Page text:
The areas of sports where copyright abounds are the merchandise, Television and media rights literature contained in match day programs sold to fans, ticket sales, the software of computer and online games. In Nigeria most of the aforementioned being copied without permission. This also seems to discourage creativity as inventors do not see the means to commercialize their ideas, the protection afforded to them or the penalties for infringement are not stiff enough to encourage inventors.

Another branch of IPRs are Trademark. This along with copyrights are the most popular IPRS. Trademarks has its rights embedded in the very things we see everywhere when it comes to Sports. From logos, team names, league names, sporting goods, broadcasting and apparel. It is essentially anything that gives a brand an identity, such as symbols, crests, logos, catch phrases or anything that distinguishes the products (goods/services) of one business to another.

Trademarks are important as they allow supporters recognize easily the brand they are associated with. Naturally, trademarking would lead to good commercial output. For example, seeing the Nike tick or Puma jaguar would tell one that such product is that of Nike or Puma and they guarantee quality. Various forms of trademarking exist which include registering of nicknames by sports celebrities, catch-phrases, mascots.

It is clear that in Nigeria we are behind most of the world in Intellectual Property rights. The need to develop commercially potent brands that would compete transnationally, is at an all-time high. A major issue with the lack of protection or platform for inventors to develop in Nigeria is the fact that, Nigerian Sport is generally managed and controlled by the government. With that, it is difficult to allow businesses in the industry genuinely grow. At the end of the day, no one wants his/her efforts to be wasted without gains, and this extends to possible investors and stakeholders in the sport industry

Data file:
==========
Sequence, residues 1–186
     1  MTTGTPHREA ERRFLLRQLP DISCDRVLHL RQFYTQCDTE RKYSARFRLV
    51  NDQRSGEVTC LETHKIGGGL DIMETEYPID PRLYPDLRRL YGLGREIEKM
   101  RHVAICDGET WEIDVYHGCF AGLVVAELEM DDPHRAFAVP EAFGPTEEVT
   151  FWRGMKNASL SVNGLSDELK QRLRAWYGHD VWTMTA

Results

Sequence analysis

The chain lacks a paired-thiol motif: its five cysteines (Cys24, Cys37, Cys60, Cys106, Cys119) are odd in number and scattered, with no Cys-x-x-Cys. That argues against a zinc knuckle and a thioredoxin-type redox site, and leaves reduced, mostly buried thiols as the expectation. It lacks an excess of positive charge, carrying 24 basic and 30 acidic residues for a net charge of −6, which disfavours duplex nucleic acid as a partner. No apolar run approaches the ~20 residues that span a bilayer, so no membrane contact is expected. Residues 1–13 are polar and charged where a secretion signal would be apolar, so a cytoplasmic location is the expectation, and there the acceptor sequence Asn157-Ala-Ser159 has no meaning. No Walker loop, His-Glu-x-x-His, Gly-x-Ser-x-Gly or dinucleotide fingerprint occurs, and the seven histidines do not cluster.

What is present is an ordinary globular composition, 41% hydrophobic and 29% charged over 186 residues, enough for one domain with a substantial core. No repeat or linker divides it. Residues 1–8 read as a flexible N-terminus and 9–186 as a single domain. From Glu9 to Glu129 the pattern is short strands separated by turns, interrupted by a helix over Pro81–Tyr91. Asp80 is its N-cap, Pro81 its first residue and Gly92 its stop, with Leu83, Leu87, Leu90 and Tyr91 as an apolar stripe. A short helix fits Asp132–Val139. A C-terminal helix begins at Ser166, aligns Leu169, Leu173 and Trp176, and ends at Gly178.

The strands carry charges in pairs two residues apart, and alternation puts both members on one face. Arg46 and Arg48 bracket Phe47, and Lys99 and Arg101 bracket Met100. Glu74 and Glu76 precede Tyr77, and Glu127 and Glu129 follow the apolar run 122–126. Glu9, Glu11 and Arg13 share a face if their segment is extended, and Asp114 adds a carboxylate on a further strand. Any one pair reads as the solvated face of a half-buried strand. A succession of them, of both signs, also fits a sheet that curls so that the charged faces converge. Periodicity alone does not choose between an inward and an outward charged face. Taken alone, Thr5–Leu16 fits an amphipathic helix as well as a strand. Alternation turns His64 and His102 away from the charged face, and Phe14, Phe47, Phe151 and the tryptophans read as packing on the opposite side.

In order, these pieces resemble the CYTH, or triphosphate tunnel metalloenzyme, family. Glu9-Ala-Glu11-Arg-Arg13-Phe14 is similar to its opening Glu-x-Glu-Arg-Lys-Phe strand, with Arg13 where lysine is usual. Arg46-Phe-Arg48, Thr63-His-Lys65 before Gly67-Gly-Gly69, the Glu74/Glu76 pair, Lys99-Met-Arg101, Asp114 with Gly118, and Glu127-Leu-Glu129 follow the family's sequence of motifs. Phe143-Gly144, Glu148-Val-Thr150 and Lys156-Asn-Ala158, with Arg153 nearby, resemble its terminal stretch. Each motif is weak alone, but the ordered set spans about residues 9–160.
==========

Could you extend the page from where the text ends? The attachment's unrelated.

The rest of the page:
The U.S Chamber International IP Index 2021[14], Nigeria ranks 47 of 50 countries in the assessment of economies whose intellectual property systems provide a reliable basis for investment in the innovation and creativity lifecycle[15]. This is a damning report, because it proves most of the aforementioned faults of the legal framework for IPRs in Nigeria. It is a challenging environment for the prosperity of goods and involves a high right of physical counterfeiting and online piracy remains high and public awareness of the value of IP remains low.

Just like in most Common Law jurisdictions, in Nigeria there are statutory protection for regular trademark, and the doctrine of passing off is also applicable. Laws and regulations established for the protection and administration of intellectual property rights include: the Copyright Act[16] , the Patents and Designs Act[17], the Trademarks Act[18], and so on.

The courts have not interpreted the provisions of the Nigerian Trademark Act to include marks from the sporting industry, and this may be likened to the fact that the sports jurisprudence in Nigeria is not as developed as it is in other jurisdictions like Europe and the United States of America. Nevertheless, it merely provides enough general covers that sport brands can explore in order to fully relish the benefits attached to IPRs for stakeholders. In the Nigerian sporting sector, the provisions of the Trademark Act and the Common Law doctrine of passing off must be fully utilized, as they are still vastly underutilized.

It is highly recommended that organizers of sports events should always protect their event marks by adopting the provisions of the Trademark Act which is similar to the provisions of the UK Trademark Act.[19]It is also suggested that every state with a sporting presence should enact a Law that would provide a mirrored protection available in the Federal Act enacted by the National Assembly.

For instance, the Nigerian Premier Football League (NPFL) can have an Act titled ‘The Nigerian Premier League Event Mark and Related Rights Act’ to be adopted by the various state governments. This would serve as the principal protection for all the marks associated with the NPFL throughout the Federation while the Trademark Act serves as secondary or ancillary protection for the football league.[20]